The opinion of the court was delivered by: CURTIN
In 1970, after a trial by jury in New York State Supreme Court, Erie County, petitioner Frank Sitarski was convicted of attempted grand larceny in the third degree and burglary in the third degree and sentenced to concurrent terms of imprisonment of one year and up to seven years. His conviction was affirmed by the Appellate Division, Fourth Department, People v. Sitarski, 36 A.D. 2d 581, 317 N.Y.S. 2d 746 (4th Dept. 1971), and leave to appeal to the Court of Appeals was denied. The instant petition for a writ of habeas corpus followed.
Although petitioner is presently confined at the Federal Correctional Facility at Atlanta, Georgia, he is subject to a New York parole detainer warrant and will commence his sentence under the conviction he now challenges upon completion of his federal sentence. He is therefore "in custody" within the meaning of 28 U.S.C. § 2254(a), and this court therefore has jurisdiction of his petition. See United States ex rel. Meadows v. New York, 426 F.2d 1176, 1179 (2d Cir. 1970), cert. denied, 401 U.S. 941, 91 S. Ct. 944, 28 L. Ed. 2d 222 (1971).
Petitioner presents three grounds for relief, the first of which is that his conviction was so lacking in proper evidentiary foundation as to violate his right to due process of law. See Johnson v. Florida, 391 U.S. 596, 88 S. Ct. 1713, 20 L. Ed. 2d 838 (1968); Thompson v. City of Louisville, 362 U.S. 199, 80 S. Ct. 624, 4 L. Ed. 2d 654 (1960). Because this claim has not been "fairly presented to the state courts," Picard v. Connor, 404 U.S. 270, 275, 92 S. Ct. 509, 512, 30 L. Ed. 2d 438 (1971), it may not be considered by this court at this time unless, as petitioner contends, "there is . . . an absence of available State corrective process." 28 U.S.C. § 2254(b). The basis of the contention is that, because petitioner is presently confined outside New York State, the state remedy of habeas corpus is unavailable to him. See N.Y. Civil Prac. Laws & Rules § 7002(a) (McKinney 1971 Supp.) (permitting "[a] person illegally imprisoned or otherwise restrained in his liberty within the state" to petition for a writ of habeas corpus). Notwithstanding the unavailability of state habeas corpus, however, relief should be available to petitioner under Section 440.10(1)(h) of the recently enacted New York Criminal Procedure Law, McKinney's Consol. Laws, c. 11-A, which provides as follows:
1. At any time after the entry of a judgment, the court in which it was entered may, upon motion of the defendant, vacate such judgment upon the ground that:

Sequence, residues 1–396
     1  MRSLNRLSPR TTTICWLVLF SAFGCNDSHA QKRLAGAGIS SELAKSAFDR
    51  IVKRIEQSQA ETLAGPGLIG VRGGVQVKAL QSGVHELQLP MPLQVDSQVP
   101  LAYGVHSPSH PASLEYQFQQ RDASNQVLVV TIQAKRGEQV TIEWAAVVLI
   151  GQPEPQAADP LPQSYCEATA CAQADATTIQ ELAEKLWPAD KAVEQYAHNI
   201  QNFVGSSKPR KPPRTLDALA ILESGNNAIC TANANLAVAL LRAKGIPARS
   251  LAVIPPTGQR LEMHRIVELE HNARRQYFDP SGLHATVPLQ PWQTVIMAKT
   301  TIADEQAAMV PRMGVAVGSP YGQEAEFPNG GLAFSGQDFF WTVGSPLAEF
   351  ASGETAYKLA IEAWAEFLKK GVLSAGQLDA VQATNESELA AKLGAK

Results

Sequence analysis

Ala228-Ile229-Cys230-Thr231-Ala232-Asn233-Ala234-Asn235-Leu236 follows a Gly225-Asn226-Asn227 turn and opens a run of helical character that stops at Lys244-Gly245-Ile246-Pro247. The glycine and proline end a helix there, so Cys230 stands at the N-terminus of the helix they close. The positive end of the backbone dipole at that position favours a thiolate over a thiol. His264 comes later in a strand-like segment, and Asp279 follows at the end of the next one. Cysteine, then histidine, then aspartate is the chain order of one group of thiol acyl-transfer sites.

(h) The judgment was obtained in violation of a right of the defendant under the constitution of this state or of the United States.
The availability of a motion under Section 440.10(1)(h) requires that petitioner's first claim not be considered on the instant application.
Petitioner's second and third claims were raised on his appeal of his conviction and are hence properly before this court. The second claim is that petitioner was denied due process of law and equal protection of the laws when, pursuant to Section 360 of the former New York Code of Criminal Procedure,
a juror was sworn over his and one codefendant's peremptory challenges because the other codefendant refused to join in the challenges. At least as to peremptory challenges, however, a requirement that codefendants join their challenges is not unconstitutional. See Schaefer v. United States, 251 U.S. 466, 470, 40 S. Ct. 259, 64 L. Ed. 360 (1920); Stilson v. United States, 250 U.S. 583, 586-587, 40 S. Ct. 28, 63 L. Ed. 1154 (1919); United States v. Stidham, 459 F.2d 297, 298-299 (10th Cir. 1972); United States v. Macke, 159 F.2d 673, 675 (2d Cir.), cert. denied, 331 U.S. 810, 67 S. Ct. 1201, 91 L. Ed. 1830 (1947). In Stilson, the Supreme Court stated as follows:
There is nothing in the Constitution of the United States which requires the Congress to grant peremptory challenges to defendants in criminal cases; trial by an impartial jury is all that is secured. The number of challenges is left to be regulated by the common law or the enactments of Congress. That body has seen fit to treat several defendants, for this purpose, as one party. If the defendants would avail themselves of this privilege they must act accordingly. It may be, as is said to have been the fact in the trial of the present case, that all defendants may not wish to exercise the right of peremptory challenge as to the same person or persons, and that some may wish to challenge those who are unobjectionable to others. But this situation arises from the exercise of a privilege granted by the legislative authority and does not invalidate the law. The privilege must be taken with the limitations placed upon the manner of its exercise.
250 U.S. at 586-587, 40 S. Ct. at 30.
Petitioner's final claim is that he was deprived of his Sixth Amendment right to a fair and impartial jury when one prospective juror was selected from a box containing only that juror's ballot. Petitioner contends that the clerk erred in not mixing in the ballots of other potential jurors present in the courtroom before drawing out a ballot. In the absence of any showing that the alleged error was part of an arbitrary and systematic attempt to exclude a class of persons from the jury, see Hoyt v. Florida, 368 U.S. 57, 82 S. Ct. 159, 7 L. Ed. 2d 118 (1961); Fay v. New York, 332 U.S. 261, 67 S. Ct. 1613, 91 L. Ed. 2043 (1947), or that it operated to petitioner's prejudice,
cf. United States v. Davis, 456 F.2d 1192, 1196 (10th Cir. 1972); Watts v. United States, 212 F.2d 275, 279 (10th Cir. 1954), vacated on other grounds, 348 U.S. 905, 75 S. Ct. 311, 99 L. Ed. 710 (1955), no violation of petitioner's right to a fair and impartial jury occurred.
The petition for a writ of habeas corpus ...